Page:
Voters in the June 5 primary will be asked to approve a tax on cannabis operations that could shore up Santa Barbara County’s sagging budget, helping to retain a variety of community services, as well as provide funds needed to pay for enforcement action against illegal marijuana operations.

County staff has estimated tax authorized by Measure T will pump between $5 million and $25 million into county coffers every year.

Proponents say the tax should be approved to ensure compliance with the county cannabis regulations and eliminate the black market that will try to operate outside those laws. As a general tax, it only requires a majority vote to pass, or 50 percent plus one vote.

“Santa Barbara County needs to tax cannabis growers and businesses to enforce our ordinance and fund other priorities, such as the Sheriff’s Department, District Attorney’s Office, mental health services, public health and other general services,” says the Board of Supervisors’ argument in favor of Measure T2018 signed by Board Chairman and 1st District Supervisor Das Williams.

“Whether you agree with the legalization of cannabis or not, it is imperative that we tax the industry to ensure compliance and eradicate the black market.”

Opponents say the tax should be rejected because it is a general tax, and the revenues will go into the General Fund where it can be spent on anything with no guarantee it will be used for enforcement. They say it should be a special tax, which would require approval by two-thirds of the qualified voters in the county.

“Measure T is another new tax supposedly to be used mitigating public safety impacts from commercial pot-growers in our county,” says the argument opposing the measure, signed by 4th District Supervisor Peter Adam, Santa Barbara County Taxpayers Association Executive Director Joe Armendariz, retired sheriff’s Sgt. Susan Brown and Montecito resident Tobe Plough.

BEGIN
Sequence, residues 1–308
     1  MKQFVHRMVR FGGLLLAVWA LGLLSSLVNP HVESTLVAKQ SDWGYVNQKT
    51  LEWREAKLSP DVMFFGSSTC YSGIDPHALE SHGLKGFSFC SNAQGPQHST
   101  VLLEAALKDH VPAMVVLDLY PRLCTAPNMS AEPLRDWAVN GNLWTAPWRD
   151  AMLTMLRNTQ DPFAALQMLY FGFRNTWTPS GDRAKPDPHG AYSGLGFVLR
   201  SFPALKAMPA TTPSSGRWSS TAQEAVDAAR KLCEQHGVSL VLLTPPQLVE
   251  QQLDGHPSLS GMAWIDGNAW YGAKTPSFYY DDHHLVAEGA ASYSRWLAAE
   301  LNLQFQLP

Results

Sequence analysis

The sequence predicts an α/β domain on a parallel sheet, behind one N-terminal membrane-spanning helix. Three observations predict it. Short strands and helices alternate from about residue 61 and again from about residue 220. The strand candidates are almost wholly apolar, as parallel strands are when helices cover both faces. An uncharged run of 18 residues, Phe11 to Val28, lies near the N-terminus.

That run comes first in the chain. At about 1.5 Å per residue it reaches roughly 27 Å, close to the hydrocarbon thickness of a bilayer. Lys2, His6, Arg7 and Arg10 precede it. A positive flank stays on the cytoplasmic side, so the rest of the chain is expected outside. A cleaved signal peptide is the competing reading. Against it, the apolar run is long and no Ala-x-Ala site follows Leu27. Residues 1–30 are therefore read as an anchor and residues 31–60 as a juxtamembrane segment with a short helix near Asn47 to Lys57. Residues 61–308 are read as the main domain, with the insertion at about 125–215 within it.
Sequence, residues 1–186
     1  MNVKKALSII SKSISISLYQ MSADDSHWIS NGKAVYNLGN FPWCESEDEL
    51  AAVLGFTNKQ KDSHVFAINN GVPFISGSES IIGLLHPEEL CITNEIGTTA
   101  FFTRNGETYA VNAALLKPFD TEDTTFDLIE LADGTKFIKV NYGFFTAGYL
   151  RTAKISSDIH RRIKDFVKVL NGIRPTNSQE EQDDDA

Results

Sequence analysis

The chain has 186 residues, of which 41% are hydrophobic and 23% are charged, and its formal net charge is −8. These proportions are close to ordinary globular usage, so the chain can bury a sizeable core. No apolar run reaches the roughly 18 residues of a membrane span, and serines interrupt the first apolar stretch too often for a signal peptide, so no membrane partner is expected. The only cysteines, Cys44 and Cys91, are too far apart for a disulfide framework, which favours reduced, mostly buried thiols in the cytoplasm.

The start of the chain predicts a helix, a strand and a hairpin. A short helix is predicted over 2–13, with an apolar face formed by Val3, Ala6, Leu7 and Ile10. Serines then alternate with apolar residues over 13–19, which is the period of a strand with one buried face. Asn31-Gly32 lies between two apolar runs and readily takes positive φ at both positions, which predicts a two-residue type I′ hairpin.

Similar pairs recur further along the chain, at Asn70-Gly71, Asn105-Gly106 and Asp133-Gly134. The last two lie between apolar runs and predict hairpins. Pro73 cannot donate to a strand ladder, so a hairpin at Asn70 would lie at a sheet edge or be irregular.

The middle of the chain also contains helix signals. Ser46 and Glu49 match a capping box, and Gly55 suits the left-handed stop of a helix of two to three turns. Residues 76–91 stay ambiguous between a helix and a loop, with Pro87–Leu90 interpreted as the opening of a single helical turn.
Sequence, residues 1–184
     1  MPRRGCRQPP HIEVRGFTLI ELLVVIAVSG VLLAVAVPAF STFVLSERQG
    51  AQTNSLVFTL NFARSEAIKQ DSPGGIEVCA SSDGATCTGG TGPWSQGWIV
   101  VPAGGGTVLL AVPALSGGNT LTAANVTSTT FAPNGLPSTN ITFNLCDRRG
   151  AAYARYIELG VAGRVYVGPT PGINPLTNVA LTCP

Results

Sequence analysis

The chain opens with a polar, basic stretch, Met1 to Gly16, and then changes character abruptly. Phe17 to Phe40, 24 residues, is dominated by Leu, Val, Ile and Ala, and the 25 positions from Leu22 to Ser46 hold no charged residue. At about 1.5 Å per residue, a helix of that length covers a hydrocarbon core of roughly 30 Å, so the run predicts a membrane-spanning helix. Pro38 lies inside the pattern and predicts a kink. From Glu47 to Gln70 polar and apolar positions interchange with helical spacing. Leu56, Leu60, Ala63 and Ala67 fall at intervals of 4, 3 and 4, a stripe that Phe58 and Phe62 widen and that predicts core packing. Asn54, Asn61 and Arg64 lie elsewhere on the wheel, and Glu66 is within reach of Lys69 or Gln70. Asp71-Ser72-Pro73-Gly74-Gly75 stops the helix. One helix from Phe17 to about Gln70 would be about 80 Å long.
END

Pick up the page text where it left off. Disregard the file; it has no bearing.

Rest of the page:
“In fact, it’s another blank check to be spent on general county services. … Another blank check will result in more wasteful spending without the critical protections we taxpayers deserve.”

The opponents claim the county is facing a $50 million deficit because of misplaced spending priorities, and the cannabis tax revenues will be swallowed by the general fund and used to maintain the status quo.

The supervisors’ argument in favor of the tax rebuts that assertion: “Opponents will claim that the money will simply go into the General Fund. What they won’t tell you is that the General Fund is what funds the critical departments listed above.”

Death of taxes

One thing is certain: If the tax is not approved by voters in the June primary, the ordinances the Board of Supervisors have approved — or expect to approve — governing cannabis operations in Santa Barbara County will not go into effect.

That caveat was built into the ordinances when supervisors approved them, because without the tax, the county will lack money needed for enforcement.

Supervisors have not specified what steps they will take if the tax measure fails. But the board would only have until July 17 to authorize placing another tax measure on the Nov. 6 General Election ballot.

Another alternative would be to completely ban cannabis operations in the county, which would be difficult given the number already underway. It could also lead to liability claims and lawsuits.